Opinion: Why Google’s self-driving car can’t get here soon enough for me
The tech giant announced plans to build 100 prototypes of self-driving cars late this year or early next.
Having returned from a lovely Memorial Day weekend trip to the Sierra, I have just one thing to say: Where can I buy one of those Google self-driving cars?
You know, the ones Google unveiled Tuesday, the ugly little critters that look a bit like someone cross-bred a Fiat 500 with a ’67 Beetle? The ones without a steering wheel or gas or brake pedals, just a button marked “go” and another one marked “stop.” (Note to Google: For California drivers, you may need a couple of more buttons, like “go faster,” “go really fast” and “go insanely fast.” And maybe even one marked “rain, crash now” — you know, just for old times’ sake. Plus for New Yorkers, one marked “honk horn.”)
It pains me to say this, given that some of my happiest memories are of road trips with my family, but I’m kinda done with being behind the wheel.
Oh, I still like traveling. I like sightseeing. I even like driving my sports car on twisty mountain roads and the like.
But for getting from here to there, in comfort? Sorry, I’m ready to leave the driving to Google.
Sure, sure, the little imps’ top speed of 25 mph could be a problem; for example, it’s 300 miles or so from my shack in the foothills of L.A. to the spacious condo I rented in Mammoth Lakes. On the other hand, after three days of a 10-mile death march (a.k.a. hike, courtesy of my wife; her famous last words to me before we stopped speaking for the day: “No, really, I think the next lake is just a mile or so up the trail”), plus many hot, thirsty, carefree hours biking and fishing, a Connestoga wagon ride would’ve seemed better than the 5 1/2-hour drive home.
In fact, looking back on all of my driving trips, I realize one thing: I’ve missed a lot of scenery. That’s because I’ve been busy, you know, driving the stupid car. So, when we were in Montana’s Glacier National Park and my wife said, “Look at that view, will you!,” I had to reassure her that I was, in fact, not looking at that view but at the road ahead, lest we become a mangled, permanent part of that view.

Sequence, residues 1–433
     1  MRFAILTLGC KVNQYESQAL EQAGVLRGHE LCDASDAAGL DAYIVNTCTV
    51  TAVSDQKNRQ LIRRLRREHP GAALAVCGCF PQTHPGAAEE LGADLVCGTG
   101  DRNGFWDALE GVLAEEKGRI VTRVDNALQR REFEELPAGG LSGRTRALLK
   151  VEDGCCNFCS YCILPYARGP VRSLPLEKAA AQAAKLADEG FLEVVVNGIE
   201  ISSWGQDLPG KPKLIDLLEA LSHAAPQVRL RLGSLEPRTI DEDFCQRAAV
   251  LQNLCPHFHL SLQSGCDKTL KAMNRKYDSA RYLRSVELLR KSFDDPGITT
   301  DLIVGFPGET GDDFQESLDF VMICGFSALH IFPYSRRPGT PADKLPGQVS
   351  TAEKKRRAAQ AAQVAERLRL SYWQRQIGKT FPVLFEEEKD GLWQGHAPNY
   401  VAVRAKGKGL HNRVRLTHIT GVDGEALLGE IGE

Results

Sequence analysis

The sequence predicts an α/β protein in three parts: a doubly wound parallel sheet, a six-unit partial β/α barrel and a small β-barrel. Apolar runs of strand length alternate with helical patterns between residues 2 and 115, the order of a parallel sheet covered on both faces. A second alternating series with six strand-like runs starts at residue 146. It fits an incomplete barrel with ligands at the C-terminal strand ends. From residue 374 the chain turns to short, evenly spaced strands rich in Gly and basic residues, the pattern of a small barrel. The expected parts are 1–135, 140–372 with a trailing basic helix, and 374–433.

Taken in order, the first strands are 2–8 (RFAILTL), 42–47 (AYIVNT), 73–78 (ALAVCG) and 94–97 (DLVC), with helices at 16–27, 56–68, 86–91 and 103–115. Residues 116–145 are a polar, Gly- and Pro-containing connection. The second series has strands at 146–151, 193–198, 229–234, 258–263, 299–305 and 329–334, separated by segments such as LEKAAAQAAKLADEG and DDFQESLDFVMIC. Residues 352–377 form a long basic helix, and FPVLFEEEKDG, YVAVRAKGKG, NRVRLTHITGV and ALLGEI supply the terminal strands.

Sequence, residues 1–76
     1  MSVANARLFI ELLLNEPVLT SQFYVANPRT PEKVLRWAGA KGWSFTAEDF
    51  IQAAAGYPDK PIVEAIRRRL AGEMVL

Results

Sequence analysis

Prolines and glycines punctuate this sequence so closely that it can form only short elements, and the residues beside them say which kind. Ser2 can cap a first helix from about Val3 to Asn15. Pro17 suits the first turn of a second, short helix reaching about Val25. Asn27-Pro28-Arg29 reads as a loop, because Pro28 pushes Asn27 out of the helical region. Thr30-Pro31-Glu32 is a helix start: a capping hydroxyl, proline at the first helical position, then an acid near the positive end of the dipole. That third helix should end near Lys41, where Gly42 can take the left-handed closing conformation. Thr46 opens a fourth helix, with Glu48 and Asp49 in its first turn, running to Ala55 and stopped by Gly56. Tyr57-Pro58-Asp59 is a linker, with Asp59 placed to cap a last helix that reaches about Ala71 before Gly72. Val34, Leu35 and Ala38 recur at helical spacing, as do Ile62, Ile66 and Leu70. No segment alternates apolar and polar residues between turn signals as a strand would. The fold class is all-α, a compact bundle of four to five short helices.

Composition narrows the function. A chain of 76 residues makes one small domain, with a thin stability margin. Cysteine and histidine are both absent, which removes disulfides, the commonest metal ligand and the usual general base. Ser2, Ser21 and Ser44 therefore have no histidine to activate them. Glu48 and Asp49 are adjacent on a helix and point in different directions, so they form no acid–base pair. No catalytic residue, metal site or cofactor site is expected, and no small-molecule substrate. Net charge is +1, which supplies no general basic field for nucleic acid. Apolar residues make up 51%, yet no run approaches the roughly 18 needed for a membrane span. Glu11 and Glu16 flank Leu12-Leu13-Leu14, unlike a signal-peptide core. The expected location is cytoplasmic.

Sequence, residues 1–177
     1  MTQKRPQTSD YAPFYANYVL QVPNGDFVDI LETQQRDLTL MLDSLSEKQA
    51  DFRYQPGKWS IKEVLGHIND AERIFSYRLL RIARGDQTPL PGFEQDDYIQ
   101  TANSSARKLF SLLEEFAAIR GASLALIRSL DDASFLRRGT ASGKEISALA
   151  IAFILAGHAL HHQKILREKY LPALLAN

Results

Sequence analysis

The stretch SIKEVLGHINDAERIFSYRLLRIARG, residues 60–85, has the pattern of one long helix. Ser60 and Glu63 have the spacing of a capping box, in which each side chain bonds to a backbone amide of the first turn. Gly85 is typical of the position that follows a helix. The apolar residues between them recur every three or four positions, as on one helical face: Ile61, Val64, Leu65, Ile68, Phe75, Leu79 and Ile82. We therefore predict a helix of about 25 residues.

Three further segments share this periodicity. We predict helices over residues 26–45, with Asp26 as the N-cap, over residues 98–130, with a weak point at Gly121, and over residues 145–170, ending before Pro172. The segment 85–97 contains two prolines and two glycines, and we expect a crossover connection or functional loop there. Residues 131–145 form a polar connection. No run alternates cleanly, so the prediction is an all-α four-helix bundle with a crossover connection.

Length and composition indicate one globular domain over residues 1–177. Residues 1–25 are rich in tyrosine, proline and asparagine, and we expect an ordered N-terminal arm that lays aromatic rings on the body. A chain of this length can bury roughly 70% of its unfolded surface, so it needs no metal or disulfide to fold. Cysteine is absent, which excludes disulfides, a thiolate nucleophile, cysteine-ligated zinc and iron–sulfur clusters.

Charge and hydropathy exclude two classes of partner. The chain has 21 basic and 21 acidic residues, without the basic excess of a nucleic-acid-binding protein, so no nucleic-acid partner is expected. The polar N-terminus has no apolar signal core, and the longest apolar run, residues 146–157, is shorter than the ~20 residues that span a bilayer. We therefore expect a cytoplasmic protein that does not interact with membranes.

But with a Google-Oyl (I just made that up; might work for a name; sounds kind of French, non?) I could’ve actually, well, enjoyed the view.
Most of the objections I’ve seen so far to the new Google car have been that it can’t be driven. And I’ll confess, that goes too far for this old-timer. But these are prototypes. Heck, the first Mercury space capsules didn’t have windows. That got fixed. I’m sure Google could throw in a few pedals and a steering wheel without too much trouble. (Plus some more buttons; see above.)
Meanwhile, I’m excited about this technology, in a way my young sons — just getting their feet wet in the wide, wild world of motoring — are not.
Too often today for me, driving is a chore, not a treat. Too often now, after four hours behind the wheel, I want a nap, not more of a driving experience. Oh, sure, I can call on a relief driver (a.k.a. sons). But as any parent knows, turning over the wheel to someone you used to give a bottle to and then change his diaper is not the easiest, most relaxing thing in the world.
Also — though thank God it’s not here yet — I am getting ever closer to the day when the dreaded DMV person is gonna look at me and say, “Aren’t you a little old to be out and about in that Miata, sir?”
Self-driving cars may not be as much fun. But if they can make some of my drives more relaxing — or if they can keep me mobile when I can’t do it on my own — then I say: Google me in, Scottie!
But please, hire some Italians to do the styling, OK?
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